Monday, November 12, 2012

Inside the Mind of a Trainer....

The seasons are changing, and with that so do the animals.  Those changes can be anything from heightened aggression due to the body's natural instinct to breed to completely slowing down for the winter because in their natural habitat  food is scarce in the winter.  Regardless the reasons, it is my job to be knowledgeable in the how and the why of these changes.  That is just one example of the many risks that we, as animal trainers/handlers, take on a day to day basis.  Everyone has different beliefs on those dangers, but I would like to take this time to share mine.

I first saw tigers perform when I was only 10 years old.  At that very moment, I KNEW what I was going to do with my life; not what I "wanted" to do, but what I was GOING to do.  Of course at 10 years old, I did not understand the risks.  In an uneducated mind, I thought that since those people raised those animals, those animals would never hurt them.  Well, that couldn't be further from the truth!!! These animals are designed to whatever cost.  Most of those survival instincts are based on killing living things for food.  Whether its a tiger, a bear, a wolf, or even a bobcat, these animals are extremely dangerous.  It doesn't matter if they see me as their mother or not.  The bottom line is that the human body was not designed to defend itself against the claws of tiger or the bite of a wolf.  What we have on our side is intelligence.  (Well, some of us...) We have the ability to learn and understand these animals inside and out.  That is our main advantage.  I get asked a lot, "What happens if and/or when they turn on you?"  My answer is always the same.  "An animal doesn't "turn" without a reason.  There is always a reason.  A big part of my job is to know these animals better than they know themselves.  I must be able to "see" their thoughts and react accordingly.  Those reactions are mostly preventative to what the animal is about to do or what he/she is thinking about doing."  

I spend hours upon hours observing these animals; watching their every move and learning how each individual animal thinks.  Just like people, they all have their basic instincts, but have very different personalities from one another.  (For example, if anyone has filmed/photographed our two young mtn lion girls, Kali & Khia, you know that they are polar opposites of each other.  They are litter mates, they were raised the exact same way, they live together 24/7, but just have completely different personalities.)  The importance of knowing what step an animal is going to take before they take it is monumental in this field.  Most of the time, I am able to redirect any undesirable thoughts before they manifest into actions.  A simple "no" or "ah ah" goes a long long as they were taught what those words mean.  I am also very well trained and versed in how to deal with negative situations.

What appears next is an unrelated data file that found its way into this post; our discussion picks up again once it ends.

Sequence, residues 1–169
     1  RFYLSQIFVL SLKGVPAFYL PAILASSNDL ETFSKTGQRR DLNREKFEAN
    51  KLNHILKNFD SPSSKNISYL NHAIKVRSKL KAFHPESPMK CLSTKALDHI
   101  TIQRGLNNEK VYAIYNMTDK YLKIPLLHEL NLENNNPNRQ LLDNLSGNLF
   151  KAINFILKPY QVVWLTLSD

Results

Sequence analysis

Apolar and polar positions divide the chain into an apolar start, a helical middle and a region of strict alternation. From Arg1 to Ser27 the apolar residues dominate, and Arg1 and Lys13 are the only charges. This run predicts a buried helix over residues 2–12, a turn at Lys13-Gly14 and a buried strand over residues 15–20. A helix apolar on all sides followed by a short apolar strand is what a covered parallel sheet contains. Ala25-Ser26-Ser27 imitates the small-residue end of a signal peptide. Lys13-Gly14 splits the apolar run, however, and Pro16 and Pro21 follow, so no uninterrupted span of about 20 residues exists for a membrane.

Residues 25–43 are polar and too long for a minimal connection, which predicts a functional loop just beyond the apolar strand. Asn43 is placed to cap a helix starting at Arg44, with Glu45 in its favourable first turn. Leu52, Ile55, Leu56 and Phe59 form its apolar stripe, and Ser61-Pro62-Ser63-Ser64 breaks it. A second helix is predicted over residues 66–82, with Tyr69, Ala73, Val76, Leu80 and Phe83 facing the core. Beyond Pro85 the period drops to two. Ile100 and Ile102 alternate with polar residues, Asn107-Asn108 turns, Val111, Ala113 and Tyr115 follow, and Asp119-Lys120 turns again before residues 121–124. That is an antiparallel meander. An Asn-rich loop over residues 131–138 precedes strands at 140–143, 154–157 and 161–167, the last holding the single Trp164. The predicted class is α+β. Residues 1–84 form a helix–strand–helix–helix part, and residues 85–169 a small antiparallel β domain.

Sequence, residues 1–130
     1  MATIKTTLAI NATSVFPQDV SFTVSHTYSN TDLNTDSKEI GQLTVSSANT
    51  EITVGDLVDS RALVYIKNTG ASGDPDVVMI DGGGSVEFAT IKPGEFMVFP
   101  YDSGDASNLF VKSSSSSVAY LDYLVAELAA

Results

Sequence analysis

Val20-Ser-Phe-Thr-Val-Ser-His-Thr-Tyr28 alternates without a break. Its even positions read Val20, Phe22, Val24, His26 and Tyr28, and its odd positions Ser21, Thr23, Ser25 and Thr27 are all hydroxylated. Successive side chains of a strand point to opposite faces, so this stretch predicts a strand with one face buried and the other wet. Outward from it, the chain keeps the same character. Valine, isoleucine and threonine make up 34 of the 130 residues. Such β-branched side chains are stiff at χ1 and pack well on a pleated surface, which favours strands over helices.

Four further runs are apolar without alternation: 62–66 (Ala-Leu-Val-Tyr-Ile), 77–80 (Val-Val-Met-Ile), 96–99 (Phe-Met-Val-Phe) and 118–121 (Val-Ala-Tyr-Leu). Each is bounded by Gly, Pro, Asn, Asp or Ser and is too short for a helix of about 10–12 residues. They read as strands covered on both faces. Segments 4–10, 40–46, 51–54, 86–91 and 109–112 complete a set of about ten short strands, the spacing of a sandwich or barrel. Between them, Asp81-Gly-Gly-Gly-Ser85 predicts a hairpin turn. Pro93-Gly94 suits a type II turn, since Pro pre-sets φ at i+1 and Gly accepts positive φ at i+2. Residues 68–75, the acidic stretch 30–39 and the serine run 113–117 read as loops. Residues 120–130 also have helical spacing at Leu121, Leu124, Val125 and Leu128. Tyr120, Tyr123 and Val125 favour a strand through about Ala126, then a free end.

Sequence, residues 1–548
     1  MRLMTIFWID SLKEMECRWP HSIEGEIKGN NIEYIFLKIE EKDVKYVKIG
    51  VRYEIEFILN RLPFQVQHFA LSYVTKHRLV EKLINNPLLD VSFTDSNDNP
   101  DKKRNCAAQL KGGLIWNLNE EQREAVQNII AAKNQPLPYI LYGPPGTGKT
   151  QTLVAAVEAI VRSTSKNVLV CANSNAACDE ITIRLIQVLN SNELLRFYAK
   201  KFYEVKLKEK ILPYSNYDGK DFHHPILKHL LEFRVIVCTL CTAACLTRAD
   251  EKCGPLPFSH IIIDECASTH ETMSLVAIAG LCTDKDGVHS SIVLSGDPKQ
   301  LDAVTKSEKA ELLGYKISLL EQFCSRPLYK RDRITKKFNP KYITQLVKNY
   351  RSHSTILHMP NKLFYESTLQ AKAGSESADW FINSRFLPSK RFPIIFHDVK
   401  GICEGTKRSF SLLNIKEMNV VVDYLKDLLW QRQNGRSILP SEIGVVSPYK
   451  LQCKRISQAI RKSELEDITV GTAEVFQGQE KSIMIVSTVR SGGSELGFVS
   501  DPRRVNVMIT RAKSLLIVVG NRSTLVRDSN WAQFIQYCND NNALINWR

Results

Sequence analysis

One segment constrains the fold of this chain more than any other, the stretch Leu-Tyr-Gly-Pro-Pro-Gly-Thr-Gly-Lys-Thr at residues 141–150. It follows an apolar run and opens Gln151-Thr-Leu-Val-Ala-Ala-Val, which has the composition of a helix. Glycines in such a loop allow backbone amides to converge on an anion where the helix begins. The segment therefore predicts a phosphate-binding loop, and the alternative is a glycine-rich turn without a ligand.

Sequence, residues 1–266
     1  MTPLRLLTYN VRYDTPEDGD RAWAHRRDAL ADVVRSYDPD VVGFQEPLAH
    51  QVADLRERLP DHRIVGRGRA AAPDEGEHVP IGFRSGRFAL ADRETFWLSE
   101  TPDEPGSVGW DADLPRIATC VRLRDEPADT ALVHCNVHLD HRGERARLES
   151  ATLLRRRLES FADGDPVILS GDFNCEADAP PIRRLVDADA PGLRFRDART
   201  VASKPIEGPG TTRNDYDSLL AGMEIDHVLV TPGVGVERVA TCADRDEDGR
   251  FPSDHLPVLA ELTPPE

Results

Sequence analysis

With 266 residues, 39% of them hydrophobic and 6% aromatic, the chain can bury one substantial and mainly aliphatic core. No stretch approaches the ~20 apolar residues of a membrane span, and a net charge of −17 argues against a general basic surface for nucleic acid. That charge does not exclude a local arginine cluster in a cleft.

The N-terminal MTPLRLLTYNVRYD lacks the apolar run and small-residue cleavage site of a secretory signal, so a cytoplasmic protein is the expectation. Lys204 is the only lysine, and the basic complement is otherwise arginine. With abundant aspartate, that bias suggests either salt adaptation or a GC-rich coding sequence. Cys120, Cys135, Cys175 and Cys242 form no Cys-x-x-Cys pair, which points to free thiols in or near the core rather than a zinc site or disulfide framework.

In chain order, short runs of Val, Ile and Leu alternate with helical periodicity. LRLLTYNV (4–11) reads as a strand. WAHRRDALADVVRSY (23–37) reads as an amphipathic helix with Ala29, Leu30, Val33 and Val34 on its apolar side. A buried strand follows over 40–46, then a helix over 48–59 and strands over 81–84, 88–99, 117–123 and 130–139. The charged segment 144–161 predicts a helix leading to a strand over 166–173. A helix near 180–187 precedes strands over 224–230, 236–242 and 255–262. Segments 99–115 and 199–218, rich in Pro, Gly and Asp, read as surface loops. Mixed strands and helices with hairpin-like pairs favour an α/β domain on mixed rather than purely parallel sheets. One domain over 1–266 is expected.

The simple fact remains that just because these animals know you, love you, and respect you, NOTHING is guaranteed.  These animals are never tame or domesticated.  No matter what, the "wild" will always be in them.  To me, that simple fact is the most important thing to know and wholeheartedly understand as an animal trainer/handler.  Like any professional in a dangerous field (ie: police officers, firefighters, line men, etc...), I understand the inherent risks that I face everyday and I accept that.  Statistically, however, my job is much safer than most would think.  Here is a list of 2012 deaths to put things into perspective:

  • On-Duty Police Officers: 107
  • On-Duty Firefighters: 67 
  • Dog Attacks: 30
  • Exotic Animal Attacks: 4 (2 of them were from snake bites)
As you can see, the everyday life of an exotic animal trainer/handler is actually "safer" than the everyday life of a policeman or firefighter.  And there are more deaths caused by your domesticated dogs than there are by the many exotics that are handled everyday.  My guess on the reason for that, mainly, is the mutual respect given in the man/wild animal relationship.  When man (or woman) loses respect or even just lacks respect for what these animals are capable of out of complacency or just flat out ignorance, that is when bad things happen.  My hope is that when those things do occur, the backlash is minimal and more of just a wake up call for those who need it!

My mission in this field is to safely provide the best quality of life possible to captive animals.  I feel that, that is best achieved by human interaction and training.  Providing those things stimulates the animals' minds, bodies, and emotions.  Those are things that humans need, and so do animals.  Providing those things actually make my job safer!  That is my "job."  I love my job.  It is hard.  It takes SO MUCH dedication (In the summer, I average about 80-90 hours/WEEK! In the winter, the days are shorter, so I go down to about 60-65 hours/week).  It is physically, mentally, and emotionally stressful.  The animals become more important than myself at times......BUT! the reward outweighs any paycheck or luxuries in the world.  This career isn't for everyone.  You can't do it if you don't absolutely, undoubtedly love it.  It's just not worth it.  And I can proudly say that I LOVE IT!  I am blessed that these animals have allowed me to be a part of their lives and in some cases be their mommy!

I welcome anyone to reach out to me on any of my views/beliefs/philosophies on training/handling these amazing animals!

Thank you for reading!

Bruno & his "Mama Bear"
(Photo provided by Lacy Deist-Schnieder) 
Heather Keepers
Head Trainer

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